He was the extravagant young multi-millionaire who brought online poker to its knees, a hubristic risk-taker who betrayed the industry that made him rich, an FBI informant whose testimony facilitated the Black Friday indictments. A book that details it all, Alligator Blood, charts the rise and fall of Daniel Tzvetkoff, the Australian Internet tycoon who, as head of payment processing company Instabill, facilitated illegal payments for the online poker industry in the US, before bringing it all crashing down around him.
From Rags to Riches to FBI Informant
Daniel Kim Tzvetkoff was born in Queensland, Australia, the son of Bulgarian immigrants. The young Tzetkoff was a computer geek and precocious entrepreneur, who, at 13, launched his own web design business, and at 16 was creating animated cartoons for The New York Times website. Then he wrote the coding for a payment processing system in his bedroom at his parents’ house – this was in 2000, when e-commerce was just taking off.
In 2004, Tzvetkoff met attorney Sam Sciacca and together they formed Intabill, which became a successful online payment processing company. However, it wasn’t until 2006 and the passing of the Unlawful Internet Gambling Enforcement Act (UIGEA) that things really started to take off for Intabill. UIGEA made it a criminal offense for a financial institution to process any transaction that related to online gambling, and while the banks and other online payment processing companies backed off, Intabill took a gamble with the US government.
Tzvetkoff signed a deal with three of the biggest poker sites on the Internet, FullTilt, PokerStars and Absolute Poker, and the billions of dollars worth of transactions that constituted the global poker economy began to pass through his hands.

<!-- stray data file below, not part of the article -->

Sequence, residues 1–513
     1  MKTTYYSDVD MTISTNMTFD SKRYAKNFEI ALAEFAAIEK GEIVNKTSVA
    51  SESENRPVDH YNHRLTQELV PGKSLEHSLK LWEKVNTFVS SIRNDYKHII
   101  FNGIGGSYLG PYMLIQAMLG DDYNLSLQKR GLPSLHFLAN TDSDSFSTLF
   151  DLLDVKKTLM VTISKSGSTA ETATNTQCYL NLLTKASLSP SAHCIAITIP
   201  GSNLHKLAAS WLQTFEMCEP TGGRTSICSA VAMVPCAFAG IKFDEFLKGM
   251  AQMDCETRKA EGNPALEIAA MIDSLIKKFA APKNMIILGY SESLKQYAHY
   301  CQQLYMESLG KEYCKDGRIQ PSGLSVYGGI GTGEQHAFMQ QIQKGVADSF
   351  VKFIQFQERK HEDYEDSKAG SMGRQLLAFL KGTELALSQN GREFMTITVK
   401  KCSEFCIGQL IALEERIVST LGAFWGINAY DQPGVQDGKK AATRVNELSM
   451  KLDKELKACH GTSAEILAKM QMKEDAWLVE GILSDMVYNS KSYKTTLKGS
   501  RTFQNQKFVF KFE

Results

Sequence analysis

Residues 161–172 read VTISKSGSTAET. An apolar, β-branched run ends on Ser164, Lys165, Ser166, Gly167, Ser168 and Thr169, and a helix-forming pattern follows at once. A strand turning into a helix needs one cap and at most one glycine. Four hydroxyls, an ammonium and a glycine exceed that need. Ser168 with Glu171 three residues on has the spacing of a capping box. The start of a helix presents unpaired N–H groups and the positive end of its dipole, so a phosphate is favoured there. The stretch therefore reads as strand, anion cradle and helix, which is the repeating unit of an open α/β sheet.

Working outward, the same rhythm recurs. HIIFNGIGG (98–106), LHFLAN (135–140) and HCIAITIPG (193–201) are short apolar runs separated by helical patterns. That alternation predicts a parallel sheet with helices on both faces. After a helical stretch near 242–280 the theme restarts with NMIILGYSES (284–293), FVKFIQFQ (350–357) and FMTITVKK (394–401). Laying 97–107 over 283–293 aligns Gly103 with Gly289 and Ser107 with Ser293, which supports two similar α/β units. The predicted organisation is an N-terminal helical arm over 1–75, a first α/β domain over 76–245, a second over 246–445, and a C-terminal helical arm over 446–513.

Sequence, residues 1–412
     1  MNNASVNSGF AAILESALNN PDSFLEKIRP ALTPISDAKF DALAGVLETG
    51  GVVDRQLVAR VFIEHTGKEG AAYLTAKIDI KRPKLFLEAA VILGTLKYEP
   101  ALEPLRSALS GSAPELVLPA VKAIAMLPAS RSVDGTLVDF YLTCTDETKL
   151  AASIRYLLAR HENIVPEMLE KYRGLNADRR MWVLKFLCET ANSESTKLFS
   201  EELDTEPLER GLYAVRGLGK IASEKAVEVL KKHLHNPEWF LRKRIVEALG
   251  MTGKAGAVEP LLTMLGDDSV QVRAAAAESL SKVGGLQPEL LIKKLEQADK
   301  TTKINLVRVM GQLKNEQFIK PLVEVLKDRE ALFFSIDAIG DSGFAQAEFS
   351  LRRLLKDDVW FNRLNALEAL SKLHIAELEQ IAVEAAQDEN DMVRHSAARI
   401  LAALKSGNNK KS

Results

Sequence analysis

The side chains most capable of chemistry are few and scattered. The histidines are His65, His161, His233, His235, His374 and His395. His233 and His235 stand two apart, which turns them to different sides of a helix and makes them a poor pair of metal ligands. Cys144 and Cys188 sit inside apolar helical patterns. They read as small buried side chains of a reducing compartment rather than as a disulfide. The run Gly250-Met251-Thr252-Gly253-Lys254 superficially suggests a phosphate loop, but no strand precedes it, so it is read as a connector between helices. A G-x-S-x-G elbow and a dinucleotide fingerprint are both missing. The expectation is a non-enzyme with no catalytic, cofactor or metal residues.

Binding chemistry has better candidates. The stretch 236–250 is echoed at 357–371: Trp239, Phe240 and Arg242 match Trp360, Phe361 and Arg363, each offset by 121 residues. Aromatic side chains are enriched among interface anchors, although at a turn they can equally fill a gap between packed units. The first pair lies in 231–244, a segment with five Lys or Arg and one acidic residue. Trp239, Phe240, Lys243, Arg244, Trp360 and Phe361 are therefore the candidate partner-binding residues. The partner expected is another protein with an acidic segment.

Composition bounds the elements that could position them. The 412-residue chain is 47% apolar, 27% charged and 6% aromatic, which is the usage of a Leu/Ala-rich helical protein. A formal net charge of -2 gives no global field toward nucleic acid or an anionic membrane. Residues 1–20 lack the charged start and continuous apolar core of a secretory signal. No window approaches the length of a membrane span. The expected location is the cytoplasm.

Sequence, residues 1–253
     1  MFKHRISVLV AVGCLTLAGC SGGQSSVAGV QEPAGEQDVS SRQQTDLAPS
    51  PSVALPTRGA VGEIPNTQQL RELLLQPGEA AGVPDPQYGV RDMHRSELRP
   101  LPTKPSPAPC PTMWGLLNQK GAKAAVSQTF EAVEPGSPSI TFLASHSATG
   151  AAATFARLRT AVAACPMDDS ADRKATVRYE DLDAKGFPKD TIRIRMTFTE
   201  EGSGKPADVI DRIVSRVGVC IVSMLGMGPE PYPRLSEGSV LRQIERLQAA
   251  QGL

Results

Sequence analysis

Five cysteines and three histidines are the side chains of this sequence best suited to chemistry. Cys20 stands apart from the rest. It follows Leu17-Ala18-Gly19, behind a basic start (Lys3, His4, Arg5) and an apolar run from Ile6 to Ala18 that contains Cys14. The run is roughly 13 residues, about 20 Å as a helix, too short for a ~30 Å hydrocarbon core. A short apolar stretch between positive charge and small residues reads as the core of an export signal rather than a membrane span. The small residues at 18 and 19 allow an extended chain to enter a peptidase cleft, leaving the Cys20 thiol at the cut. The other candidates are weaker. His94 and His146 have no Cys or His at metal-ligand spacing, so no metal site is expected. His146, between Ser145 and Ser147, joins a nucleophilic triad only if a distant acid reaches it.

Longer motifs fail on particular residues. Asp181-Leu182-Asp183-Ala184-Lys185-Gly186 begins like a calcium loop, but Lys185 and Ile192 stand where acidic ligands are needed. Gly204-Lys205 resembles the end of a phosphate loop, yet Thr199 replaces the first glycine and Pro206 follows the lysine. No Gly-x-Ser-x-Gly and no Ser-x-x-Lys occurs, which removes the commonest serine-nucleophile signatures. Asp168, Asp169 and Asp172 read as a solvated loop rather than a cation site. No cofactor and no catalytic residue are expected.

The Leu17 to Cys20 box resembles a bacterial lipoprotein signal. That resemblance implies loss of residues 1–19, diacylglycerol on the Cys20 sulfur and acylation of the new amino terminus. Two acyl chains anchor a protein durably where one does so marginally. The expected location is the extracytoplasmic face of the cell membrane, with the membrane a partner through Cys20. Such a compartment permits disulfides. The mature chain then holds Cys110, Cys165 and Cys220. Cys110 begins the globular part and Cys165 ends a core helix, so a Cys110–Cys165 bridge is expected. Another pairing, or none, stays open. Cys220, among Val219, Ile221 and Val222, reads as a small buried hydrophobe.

Lifestyle of Excess
Tzvetkoff was now a 25-year-old multi-millionaire, with a fortune of some $80 million, and he embraced the lifestyle with gusto; the book details a life of pure excess and hedonism – a private jet, a $7.8million yacht, a $70,000 Lamborghini, a home worth $28 million, and non-stop partying across the world. Soon, though, Tzvetkoff’s life would begin to unravel.
His flamboyant behavior attracted the attention of the authorities, forcing him to launder money through other businesses. Investment in a payday loans company turned sour, and meanwhile his spending habits had gotten completely out of control. When the poker sites came knocking for their money, they found Tzvetkoff couldn’t pay. Siacca, meanwhile, found that Tzvetkoff had been siphoning off money from Intabill, and in July 2009, the company collapsed. Intabill was broke.
Arrest and Betrayal
Tzvetkoff showed up in Vegas in April of 2010, where he was immediately arrested and charged with money laundering, bank fraud, conspiracy charges and being the brains behind a $540 million racket. He faced up to 76 years in jail and personally owed $143 million to creditors around the world. In was then that he turned informant, providing the FBI with information that lead directly to the Black Friday indictments.
While online poker was effectively shut down in the United States, with many involved in processing illegal payments arrested and incarcerated, Tzvetkoff avoided prison; having made some powerful enemies, he and his family were spirited away in a Witness Protection program, where they remain to this day.
While Daniel Tzvetkoff will always be a figure despised by America’s online poker players, James Leighton’s book is a fantastic tale of hubris and nemesis, of excess, deception and betrayal, and a must-read for anyone interested in the events surrounding Black Friday. Soon to be parlayed into a movie, it’s out now, published by Simon & Schuster.